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Kadyrov Picks A New Quarrel With Moscow

Ramzan Kadyrov said sending police to Chechnya from elsewhere in Russia is a waste of money.

Ramzan Kadyrov said sending police to Chechnya from elsewhere in Russia is a waste of money.

Speaking on a late-night talk show on Russian television on April 7, Chechen Republic head Ramzan Kadyrov reportedly argued that there was no need to deploy bureaucrats, police, and Federal Security Service (FSB) personnel to Chechnya from elsewhere in Russia. He alleged that the 900 Interior Ministry personnel sent to serve in Chechnya simply "sit around in local police departments and never venture outside."

Meeting on March 12 with First Deputy Prime Minister Magomed Daudov and Interior Minister Ruslan Alkhanov, Kadyrov announced that he has asked the federal authorities to stop deploying police to Chechnya from elsewhere in Russia.

Kadyrov said that while such additional manpower was needed at the start of the counterterrorism operation in Chechnya, today the Russian Interior Ministry and FSB forces permanently stationed in Chechnya, together with the Chechen police, are capable of stamping out the last remaining insurgents.

Kadyrov explained that the deployment of police to Chechnya from other Russian regions is a drain on the federal budget, and he claimed that the heads of other federation subjects frequently complain to him that such deployments negatively affect the fight against criminality at home.

He also claimed that police from elsewhere in Russia cannot work effectively in Chechen conditions because they do not know the region or the psychology of the population. On that occasion, however, Kadyrov did not also advocate that Moscow stop sending civil servants and FSB personnel to Chechnya.

Picking a new quarrel?
Kadyrov's March 12 statement was apparently a response to a proposal by the federal authorities to cut the manpower of the Chechen Interior Ministry (currently around 18,000) by 20 percent. Kadyrov told police and security personnel in Grozny on March 15 he considers that proposal counterproductive. He argued that halting the deployment of police to Chechnya from other parts of Russia and instead beefing up the Chechen police force would not only save budget funds, but help to reduce unemployment in Chechnya. He further pointed out that it makes no sense to dismiss local police who are far better acquainted with local conditions and geography than their counterparts from outside Chechnya.

Nikolai Simakov, a senior Russian Interior Ministry official who was himself sent to Chechnya two years ago to serve as deputy interior minister, agreed with Kadyrov that "the situation is changing for the better." He therefore suggested cutting the number of police checkpoints -- but only by two, from 33 to 31.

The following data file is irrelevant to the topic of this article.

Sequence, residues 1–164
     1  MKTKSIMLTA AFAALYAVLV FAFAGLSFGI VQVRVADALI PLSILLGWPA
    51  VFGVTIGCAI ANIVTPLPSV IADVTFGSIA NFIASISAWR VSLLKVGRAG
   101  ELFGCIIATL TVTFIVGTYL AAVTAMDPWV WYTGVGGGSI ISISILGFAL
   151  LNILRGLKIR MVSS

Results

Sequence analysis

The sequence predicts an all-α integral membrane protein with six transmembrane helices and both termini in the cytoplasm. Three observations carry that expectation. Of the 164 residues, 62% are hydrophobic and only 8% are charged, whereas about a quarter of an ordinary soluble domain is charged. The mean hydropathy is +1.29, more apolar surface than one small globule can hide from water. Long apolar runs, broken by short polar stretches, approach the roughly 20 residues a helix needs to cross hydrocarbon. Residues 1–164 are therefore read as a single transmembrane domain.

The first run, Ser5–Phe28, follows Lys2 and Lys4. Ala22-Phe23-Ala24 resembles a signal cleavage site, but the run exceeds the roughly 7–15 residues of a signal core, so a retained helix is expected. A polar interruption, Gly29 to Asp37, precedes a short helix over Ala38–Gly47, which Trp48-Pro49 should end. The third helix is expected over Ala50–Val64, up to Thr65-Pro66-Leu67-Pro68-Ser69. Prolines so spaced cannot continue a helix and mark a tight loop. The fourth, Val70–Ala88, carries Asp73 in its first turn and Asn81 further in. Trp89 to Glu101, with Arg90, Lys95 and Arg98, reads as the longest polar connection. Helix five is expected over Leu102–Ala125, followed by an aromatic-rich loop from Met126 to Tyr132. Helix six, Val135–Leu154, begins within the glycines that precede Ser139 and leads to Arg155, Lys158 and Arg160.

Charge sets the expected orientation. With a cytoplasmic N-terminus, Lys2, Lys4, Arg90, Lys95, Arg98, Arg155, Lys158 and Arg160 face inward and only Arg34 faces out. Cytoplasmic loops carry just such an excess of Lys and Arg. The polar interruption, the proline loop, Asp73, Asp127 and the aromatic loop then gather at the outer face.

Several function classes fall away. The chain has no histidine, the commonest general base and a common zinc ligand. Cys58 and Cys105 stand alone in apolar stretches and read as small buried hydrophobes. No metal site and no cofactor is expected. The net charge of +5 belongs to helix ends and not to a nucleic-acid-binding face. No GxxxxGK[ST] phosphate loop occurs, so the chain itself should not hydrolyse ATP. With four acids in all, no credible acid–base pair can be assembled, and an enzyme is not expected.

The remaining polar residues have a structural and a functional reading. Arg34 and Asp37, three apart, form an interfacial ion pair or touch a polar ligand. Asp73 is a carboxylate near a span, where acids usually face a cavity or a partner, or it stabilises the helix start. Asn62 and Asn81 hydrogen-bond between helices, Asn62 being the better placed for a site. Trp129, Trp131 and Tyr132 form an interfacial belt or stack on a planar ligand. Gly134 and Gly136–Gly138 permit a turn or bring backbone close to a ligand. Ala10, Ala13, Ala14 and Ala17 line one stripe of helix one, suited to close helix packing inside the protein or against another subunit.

Chechens quoted by similarly agreed with Kadyrov that there is little point in sending police to Chechnya from elsewhere in Russia. But at the same time, they pointed out that the Chechen police frequently engage in arbitrary reprisals against law-abiding civilians, in particular anyone whose relatives are suspected of participating in the Islamic insurgency. "People in Chechnya have no respect for the police. They are afraid of them," one Chechen NGO representative said.

North Caucasus expert Dmitry Savostin pointed out on April 8 that abolishing the FSB presence in Chechnya as Kadyrov clearly wants would require sweeping changes to federal legislation.html Savostin also categorically rejected Kadyrov's claim that police sent to Chechnya from other Russian regions never leave the safety of police headquarters: he cited an armed clash on March 25 in which three police officers from Perm Oblast were wounded.

Savostin concurred that both police and civilian specialists should undergo better preparation for conditions in Chechnya. But he warned that agreeing to Kadyrov's demand to stop sending police to Chechnya from elsewhere in Russia could have unpredictable consequences for the security situation across the North Caucasus, as other republic heads might follow suit.

Meanwhile, the Investigative Committee of the federal Prosecutor-General's Office has reportedly identified one of Kadyrov's aides, Shaa Turlayev, as having instigated an assassination attempt last year on Isa Yamadayev, two of whose brothers have been killed, apparently on Kadyrov's orders.

Turlayev is a former Chechen field commander and member of President Aslan Maskhadov's bodyguards who surrendered in 2004 after being wounded.

All efforts by the Investigative Committee to secure the cooperation of prosecutors in Chechnya have failed, and Kadyrov's administration refused on April 8 to comment on the possibility that Turlayev was indeed behind the botched attempt to kill Isa Yamadayev.

Turlayev is reportedly currently personally involved in efforts to track down and kill members of the insurgency in the mountain regions of Chechnya.

About This Blog

This blog presents analyst Liz Fuller's personal take on events in the region, following on from her work in the "RFE/RL Caucasus Report." It also aims, to borrow a metaphor from Tom de Waal, to act as a smoke detector, focusing attention on potential conflict situations and crises throughout the region. The views are the author's own and do not represent those of RFE/RL.


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